The Anti-inflammatory Benefits of a Vegan Diet
Making a diet switch might sound extreme, but for a health condition like rheumatoid arthritis, it’s worth looking into. Eating sugary foods, processed meats, and not enough fruits and vegetables eventually leads to inflammation, which can cause joint pain and swelling. Studies suggest that adopting a vegan diet is the way to go. But how long would you have to maintain the vegan diet before you saw results? You might not be willing to do it. However, new research reveals that eating a vegan diet has anti-inflammatory perks to decrease painful arthritis symptoms.
A recent study published in American Journal of Lifestyle Medicine looked at the impact diet has on arthritis pain and severity. Study participants included 44 adults previously diagnosed with rheumatoid arthritis (a chronic disease found mostly in the small joints of the hands or feet that causes pain, stiffness, and loss of or reduced range of motion).
researchers from the Physicians Committee for Responsible Medicine (PCRM) randomly assigned the study’s participants to one of two groups: The diet phase group and the supplement phase group. In the first four weeks of the study, the diet phase group ate an exclusively vegan diet.
After the first four weeks, the diet phase group continued to eat a vegan diet for another three weeks — eliminating additional foods containing ingredients like sugar, soy products, and alcohol. For the remaining nine weeks of the initial 16-week diet phase, the foods that were eliminated in the fifth, sixth, and seventh weeks were gradually and individually reintroduced to the participants.
On the other hand, the supplement phase group ate an unrestricted diet for the entire 16 weeks of the first phase. In addition, they took a daily supplement (placebo) issued by the researchers, which contained small amounts of alpha-linolenic acid and vitamin E. The authors believed that this placebo could help to lower inflammation.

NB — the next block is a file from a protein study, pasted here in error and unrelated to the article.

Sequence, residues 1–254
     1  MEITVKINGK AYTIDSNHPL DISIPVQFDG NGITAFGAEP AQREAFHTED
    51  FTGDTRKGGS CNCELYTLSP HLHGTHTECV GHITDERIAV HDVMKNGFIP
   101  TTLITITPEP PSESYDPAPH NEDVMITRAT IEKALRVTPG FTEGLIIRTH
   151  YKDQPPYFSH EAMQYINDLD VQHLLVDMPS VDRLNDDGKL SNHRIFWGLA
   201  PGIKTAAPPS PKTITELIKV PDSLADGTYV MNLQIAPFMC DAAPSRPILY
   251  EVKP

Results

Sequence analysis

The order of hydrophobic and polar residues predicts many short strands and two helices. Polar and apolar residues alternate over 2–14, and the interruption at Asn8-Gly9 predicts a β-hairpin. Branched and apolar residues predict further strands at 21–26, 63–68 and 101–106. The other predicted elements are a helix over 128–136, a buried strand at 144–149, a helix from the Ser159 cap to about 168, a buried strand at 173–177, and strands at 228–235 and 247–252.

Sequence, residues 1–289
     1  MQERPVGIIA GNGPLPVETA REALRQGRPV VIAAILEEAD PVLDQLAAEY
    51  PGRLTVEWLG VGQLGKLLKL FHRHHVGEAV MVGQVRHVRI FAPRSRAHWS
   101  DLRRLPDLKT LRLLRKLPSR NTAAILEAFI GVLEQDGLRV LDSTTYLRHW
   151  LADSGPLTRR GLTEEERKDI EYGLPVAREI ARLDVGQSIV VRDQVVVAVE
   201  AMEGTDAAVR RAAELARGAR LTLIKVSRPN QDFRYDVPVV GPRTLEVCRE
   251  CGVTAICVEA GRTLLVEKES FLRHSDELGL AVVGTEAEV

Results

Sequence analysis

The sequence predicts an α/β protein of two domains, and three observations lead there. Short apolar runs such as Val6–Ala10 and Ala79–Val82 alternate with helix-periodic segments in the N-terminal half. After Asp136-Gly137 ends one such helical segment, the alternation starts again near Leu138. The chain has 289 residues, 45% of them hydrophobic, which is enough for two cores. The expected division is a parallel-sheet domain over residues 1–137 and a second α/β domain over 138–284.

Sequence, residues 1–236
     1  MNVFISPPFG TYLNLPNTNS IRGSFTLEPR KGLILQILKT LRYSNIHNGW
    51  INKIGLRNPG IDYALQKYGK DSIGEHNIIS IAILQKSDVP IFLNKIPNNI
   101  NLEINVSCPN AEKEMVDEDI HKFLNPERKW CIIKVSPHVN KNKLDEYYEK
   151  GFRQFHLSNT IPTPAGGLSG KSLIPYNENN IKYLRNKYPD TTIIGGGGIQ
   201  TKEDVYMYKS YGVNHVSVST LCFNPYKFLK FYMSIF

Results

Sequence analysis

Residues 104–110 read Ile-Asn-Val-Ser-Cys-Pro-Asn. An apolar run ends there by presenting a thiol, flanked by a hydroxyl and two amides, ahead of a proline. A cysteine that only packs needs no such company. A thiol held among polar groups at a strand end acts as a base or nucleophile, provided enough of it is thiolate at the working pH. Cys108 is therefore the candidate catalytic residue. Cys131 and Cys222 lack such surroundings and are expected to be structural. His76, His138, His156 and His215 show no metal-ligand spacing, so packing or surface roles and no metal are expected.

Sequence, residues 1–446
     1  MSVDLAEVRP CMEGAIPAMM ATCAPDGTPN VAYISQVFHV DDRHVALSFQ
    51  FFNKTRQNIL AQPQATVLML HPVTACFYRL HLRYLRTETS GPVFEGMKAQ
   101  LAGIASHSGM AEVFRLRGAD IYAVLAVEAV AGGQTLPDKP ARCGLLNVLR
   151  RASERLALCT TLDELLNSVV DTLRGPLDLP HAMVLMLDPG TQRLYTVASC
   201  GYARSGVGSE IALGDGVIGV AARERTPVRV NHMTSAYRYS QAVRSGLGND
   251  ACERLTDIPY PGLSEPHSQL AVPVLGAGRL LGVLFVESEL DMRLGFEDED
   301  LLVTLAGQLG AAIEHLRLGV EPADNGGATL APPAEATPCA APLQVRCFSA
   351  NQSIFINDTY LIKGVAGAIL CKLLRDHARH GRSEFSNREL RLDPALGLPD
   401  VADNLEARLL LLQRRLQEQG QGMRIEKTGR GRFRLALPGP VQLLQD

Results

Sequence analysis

In the second phase of the study, which was another 16 weeks, the two groups switched diets; the diet phase group summarized a non-vegan diet and received a daily placebo, and the supplement phase ate a strictly vegan diet.
Researchers found that, on average, the Disease Activity Score-28 (DAS28) for the study’s 44 participants decreased by two points during the vegan diet phase, which lead to substantially lower levels of joint pain. In the placebo phase, the DAS28 decreased by less than half a point.
Additionally, the average number of swollen joints declined by nearly four points, going from seven to 3.3 in the vegan phase. That number increased from 4.7 to five in the placebo phase.
It’s clear that the vegan diet did wonders for relieving painful arthritis symptoms, but the benefits don’t stop there. Researchers also discovered that participants lost an average of 14 pounds on the vegan diet. This is significant when compared to the two pound weight gain they experienced during the placebo phase. Plus, participants’ cholesterol levels dropped while on the vegan diet.
Neal Barnard, MD, who is the president of the PCRM and the study’s lead author, says that a diet-first approach can be helpful for those with arthritis. “The [vegan] diet is safe, healthful, and easy to do,” he says. “Arthritis medications cost tens of thousands of dollars and have side effects, so if some people can ease their symptoms without them, it’s great.”
How do you start eating vegan?
A vegan diet It consists of eating only fruits, veggies, grains, and nuts (rather than animal-based products such as dairy, eggs, meat, or fish). This might be a big shift in your daily eating habits, but Dr. Barnard notes that you shouldn’t knock it until you’ve tried it: “Most people who adopt a healthy [vegan] diet discover that they feel so good — they lose weight and lower their cholesterol, in addition to easing their pain — they want to stick with it.”
To get you started on the right foot, he shares two rules of thumb for getting plenty of nutrients from a plant-based diet:
- Build your meals based on vegetables, fruits, whole grains, and beans. “That might mean bean chili instead of meat chili, a veggie burger instead of a meat burger, or topping your spaghetti with tomato sauce instead of meat sauce,” he says.
- Be sure to have a supplement of vitamin B12. “That’s important for everyone, for healthy nerves and healthy blood,” he adds.
Dr. Barnard also highlights the PCRM’s free, non-commercial app called 21-Day Vegan Kickstart. It curates plant-based meal plans, recipes, and grocery lists to make your life a breeze. You can download the 21-Day Vegan Kickstart app on iOS and Android devices.
Thinking about adopting a vegan diet for its anti-inflammatory and arthritis pain-relieving benefits? Speak with your doctor before making any diet change. This helps you get the maximum benefit from eating a healthy diet.